Beverly Flanigan flanigan at OHIOU.EDU
Thu Jul 18 22:42:39 UTC 2002

At 09:46 AM 7/18/2002 -0400, you wrote:
>In a message dated 7/17/02 4:37:37 PM Eastern Daylight Time,
>flanigan at OHIOU.EDU writes:
> > > > I've never come across a hoarse horse.
> >  >
> >  >Of course not.  That would be a horse of a different collar.
> >
> >
> >  Perfect--especially since in my area (SE Ohio) "color" is pronounced like
> >  either "collar" (with /a/) or "caller" (with the almost-/O/ of British
>I find that odd, because I was born and raised in Louisville KY and have
>never noticed anyone making homophones out of "color", "collar", and
>"caller".  My play on words would work as well verbally as in writing, (for
>me, at least).
>color: short 'u" in the first syllable, rhymes with "cull 'er" or "hull 'er"
>collar: /ah/ as in "father". rhymes with "holler" or the first two syllables
>of "tolerance"
>caller: /aw/ as in "arm", rhymes with "taller" [and "haul 'er," to
>continue the pattern?]
>MWCD10 agrees with me, so I guess you'd better have your landspeople start
>sending their resumes to Merriam-Webster's phonetics department in time to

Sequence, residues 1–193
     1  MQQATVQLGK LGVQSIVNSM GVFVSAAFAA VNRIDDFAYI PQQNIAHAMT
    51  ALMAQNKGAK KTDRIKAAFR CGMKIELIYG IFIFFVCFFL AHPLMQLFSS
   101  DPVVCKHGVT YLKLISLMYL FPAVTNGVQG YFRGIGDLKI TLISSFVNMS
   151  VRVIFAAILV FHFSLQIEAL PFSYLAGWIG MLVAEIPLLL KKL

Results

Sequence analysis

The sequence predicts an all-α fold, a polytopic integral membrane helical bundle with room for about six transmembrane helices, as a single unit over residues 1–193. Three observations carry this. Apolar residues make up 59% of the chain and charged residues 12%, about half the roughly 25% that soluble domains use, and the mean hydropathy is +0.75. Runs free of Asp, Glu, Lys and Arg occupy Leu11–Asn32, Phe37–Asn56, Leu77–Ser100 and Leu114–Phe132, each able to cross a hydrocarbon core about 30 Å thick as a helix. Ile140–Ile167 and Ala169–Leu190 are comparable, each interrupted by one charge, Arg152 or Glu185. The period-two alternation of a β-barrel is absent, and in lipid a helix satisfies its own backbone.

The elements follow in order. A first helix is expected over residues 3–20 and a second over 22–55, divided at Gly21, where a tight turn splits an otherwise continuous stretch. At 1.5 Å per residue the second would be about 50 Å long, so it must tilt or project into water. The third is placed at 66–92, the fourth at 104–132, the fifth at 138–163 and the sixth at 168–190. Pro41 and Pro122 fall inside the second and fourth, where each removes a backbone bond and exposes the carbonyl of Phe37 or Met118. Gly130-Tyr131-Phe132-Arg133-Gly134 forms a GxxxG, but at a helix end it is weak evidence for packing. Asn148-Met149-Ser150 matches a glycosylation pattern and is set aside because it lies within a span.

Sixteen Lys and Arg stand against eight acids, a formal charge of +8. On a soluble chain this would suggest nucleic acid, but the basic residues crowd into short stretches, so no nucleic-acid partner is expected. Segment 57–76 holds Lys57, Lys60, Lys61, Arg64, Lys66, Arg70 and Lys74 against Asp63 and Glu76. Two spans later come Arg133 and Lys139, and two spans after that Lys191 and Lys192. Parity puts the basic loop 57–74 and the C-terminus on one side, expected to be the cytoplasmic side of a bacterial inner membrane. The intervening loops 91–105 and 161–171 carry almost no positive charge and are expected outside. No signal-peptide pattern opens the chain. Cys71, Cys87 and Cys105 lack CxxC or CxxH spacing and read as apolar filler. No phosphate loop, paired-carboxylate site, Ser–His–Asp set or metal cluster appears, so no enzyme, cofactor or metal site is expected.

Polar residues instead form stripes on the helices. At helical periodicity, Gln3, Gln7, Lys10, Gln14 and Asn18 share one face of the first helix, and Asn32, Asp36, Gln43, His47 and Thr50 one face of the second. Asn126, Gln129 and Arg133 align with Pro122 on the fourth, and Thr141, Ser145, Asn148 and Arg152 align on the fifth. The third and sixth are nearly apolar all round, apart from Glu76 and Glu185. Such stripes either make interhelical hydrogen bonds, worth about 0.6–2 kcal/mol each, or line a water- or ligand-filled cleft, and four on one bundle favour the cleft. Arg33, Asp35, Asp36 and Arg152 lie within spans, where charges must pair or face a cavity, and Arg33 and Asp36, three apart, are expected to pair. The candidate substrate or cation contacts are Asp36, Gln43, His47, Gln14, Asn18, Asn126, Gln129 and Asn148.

>influence the 11th Collegiate.
>      Confused,
>      Jim Landau

Now you know dictionaries don't always capture all variant
pronunciations.  I assure you, all three words can be homophones in this
area of Ohio, where merger of /a/ and /aw/ (or /O/) is common but not to
the /a/ of central Ohio and west of the Mississippi. (These are not my
"landspeople", but I've studied the area for 22 years.)   The vowel in
"color" may lower to /a/, OR it may back to form a triple merger with
'collar' and 'caller', but at the intermediate low back rounded vowel heard
in Brit. Eng. "hot" (cf. Kenyon).  One of our dept. secretaries says
"color" with /a/, the other with the "turned script a" used by Kenyon,
Ladefoged, Wells, Kurath & McDavid, et al.  Louisville doesn't merge any of
these sounds, if I understand you and Dennis correctly.  SE Ohio has the
Pittsburgh merger of /a/ and /O/ to "turned script a," but it adds (in the
local "uncorrected" vernacular) the lowered and sometimes backed vowel in
"color."  Trust me.  I've learned that it is also used in Newfoundland,
where one linguist I talked to attributes it to Scots-Irish and/or Irish roots.

BTW, as a native Minnesotan, I have the same three-way split in the test
words that you do, assuming you have "color" with a wedge (or stressed
schwa).  If you mean /U/, as in my Northern "pull," that's a different
matter.  But our mixed use of symbols on this list IS a problem.

Beverly Flanigan
Ohio University

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